Apple’s App Store Triumph: Halting Over RM9 Billion in Fraud and Battling Third-Party Store Menace

Apple stopped fraudulent transactions worth USD 2.09 billion (around RM9.4 billion) on its App Store last year. It also removed nearly 1.7 million app submissions for not meeting its privacy, security, and content standards. Apple criticized third-party app stores, calling them “illegitimate storefronts” that lack privacy and security protections. It claimed to have protected users from nearly 57,000 untrustworthy apps found on these unauthorized marketplaces. These apps can imitate or modify popular apps without the developers’ permission and may distribute harmful software.

Apple took action against potentially fraudulent activity by terminating over 428,000 developer accounts. This is a significant decrease from the previous year due to improved methods for preventing the creation of fraudulent accounts. They also rejected around 105,000 enrolments in the Apple Developer Programme for suspicious activities, preventing bad actors from submitting apps. Additionally, Apple blocked nearly 3.9 million attempts to launch or install illicit apps through the Developer Enterprise Programme, meant for internal app deployment within large organizations. They disabled over 282 million customer accounts linked to fraudulent and abusive behavior and blocked the creation of 198 million fraudulent new customer accounts.

Apple emphasized its app review process, which involves multiple safety checks. This includes using Xcode developer software to ensure apps comply with authorized technologies and minimum requirements. App Store Connect is used to identify known malware and references to private APIs, and the App Review team conducts a thorough inspection of each app. Apple has rejected apps this year for privacy and security reasons, such as the use of malicious code that could steal user credentials and apps disguised as financial management platforms. They also rejected apps for being spam, copycats, misleading, containing hidden features, or attempting to collect personal data without user consent.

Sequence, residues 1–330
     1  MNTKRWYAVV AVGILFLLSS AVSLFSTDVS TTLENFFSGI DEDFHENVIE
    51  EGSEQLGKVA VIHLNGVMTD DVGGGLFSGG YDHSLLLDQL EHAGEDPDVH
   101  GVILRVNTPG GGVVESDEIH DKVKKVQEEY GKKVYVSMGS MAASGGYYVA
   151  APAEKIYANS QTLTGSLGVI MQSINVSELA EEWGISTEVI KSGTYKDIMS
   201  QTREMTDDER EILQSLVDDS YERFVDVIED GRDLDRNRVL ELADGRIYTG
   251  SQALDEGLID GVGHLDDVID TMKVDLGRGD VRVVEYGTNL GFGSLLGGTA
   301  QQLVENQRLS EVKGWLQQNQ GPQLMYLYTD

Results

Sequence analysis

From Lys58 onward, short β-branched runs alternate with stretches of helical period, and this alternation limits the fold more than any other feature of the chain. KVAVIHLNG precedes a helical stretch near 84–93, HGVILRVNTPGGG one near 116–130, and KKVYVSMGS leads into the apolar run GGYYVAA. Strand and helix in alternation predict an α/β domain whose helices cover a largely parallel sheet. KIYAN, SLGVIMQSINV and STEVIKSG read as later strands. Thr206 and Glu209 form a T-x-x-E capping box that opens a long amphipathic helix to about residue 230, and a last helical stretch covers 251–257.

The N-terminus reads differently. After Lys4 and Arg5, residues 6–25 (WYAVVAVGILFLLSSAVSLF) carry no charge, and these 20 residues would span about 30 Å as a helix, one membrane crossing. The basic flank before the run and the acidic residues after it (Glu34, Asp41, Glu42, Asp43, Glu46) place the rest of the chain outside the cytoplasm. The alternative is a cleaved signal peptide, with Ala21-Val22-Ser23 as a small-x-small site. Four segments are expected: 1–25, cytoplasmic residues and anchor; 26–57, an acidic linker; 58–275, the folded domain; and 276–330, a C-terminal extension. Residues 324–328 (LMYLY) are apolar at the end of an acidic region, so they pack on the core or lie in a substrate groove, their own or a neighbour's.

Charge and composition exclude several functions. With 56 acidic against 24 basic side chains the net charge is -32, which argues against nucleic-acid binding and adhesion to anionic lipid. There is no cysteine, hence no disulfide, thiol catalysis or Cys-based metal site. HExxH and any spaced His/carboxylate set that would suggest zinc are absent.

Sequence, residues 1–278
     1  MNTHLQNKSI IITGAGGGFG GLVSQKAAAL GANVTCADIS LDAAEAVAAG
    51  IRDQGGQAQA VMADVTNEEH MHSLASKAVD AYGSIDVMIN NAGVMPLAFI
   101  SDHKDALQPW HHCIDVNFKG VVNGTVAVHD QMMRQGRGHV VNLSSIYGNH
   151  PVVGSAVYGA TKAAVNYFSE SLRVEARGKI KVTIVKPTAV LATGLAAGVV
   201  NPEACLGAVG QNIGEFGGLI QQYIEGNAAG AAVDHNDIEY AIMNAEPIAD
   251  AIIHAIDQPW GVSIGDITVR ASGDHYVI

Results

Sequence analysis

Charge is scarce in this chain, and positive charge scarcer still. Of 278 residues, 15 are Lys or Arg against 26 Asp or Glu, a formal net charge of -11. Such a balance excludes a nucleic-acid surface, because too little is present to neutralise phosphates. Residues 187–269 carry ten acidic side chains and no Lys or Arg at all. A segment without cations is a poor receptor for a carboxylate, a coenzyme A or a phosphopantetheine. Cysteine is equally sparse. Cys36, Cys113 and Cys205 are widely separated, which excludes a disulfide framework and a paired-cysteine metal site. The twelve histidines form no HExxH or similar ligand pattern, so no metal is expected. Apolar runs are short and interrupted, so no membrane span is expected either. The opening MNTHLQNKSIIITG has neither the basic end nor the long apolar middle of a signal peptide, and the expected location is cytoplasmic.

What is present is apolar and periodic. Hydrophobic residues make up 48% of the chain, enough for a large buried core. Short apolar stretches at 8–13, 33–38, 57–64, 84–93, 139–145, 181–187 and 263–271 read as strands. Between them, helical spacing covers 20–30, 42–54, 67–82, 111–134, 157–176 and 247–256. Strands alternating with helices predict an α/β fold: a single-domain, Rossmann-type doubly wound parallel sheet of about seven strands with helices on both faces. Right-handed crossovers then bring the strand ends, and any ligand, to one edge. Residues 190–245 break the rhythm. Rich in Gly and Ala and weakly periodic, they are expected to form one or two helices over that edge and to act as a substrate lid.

Apple stated that its App Review team investigates apps reported through the “Report a Problem” tool and takes action by removing fraudulent and malicious apps. They also automatically remove unapproved apps from developer accounts terminated for fraud and abuse to prevent their submission to the App Store. Apple has removed more than 147 million potentially misleading app ratings and reviews that came from fraudulent or bot accounts. Additionally, they have helped credit card fraud victims by blocking almost 3.9 million stolen credit cards in the previous year.

Apple is facing pressure from the EU’s Digital Markets Act (DMA), which aims to promote open markets in Europe and will take effect on March 6 next year. As a result, Apple may be required to make significant changes to its products. These changes include allowing the installation of third-party app stores and sideloading on its devices. Additionally, Apple may have to open up access to features like Find My, NFC chip, cameras, default web browser settings, and more to rival companies. The regulatory pressure has already led Apple to plan one major change for the iPhone—the addition of a USB-C port.



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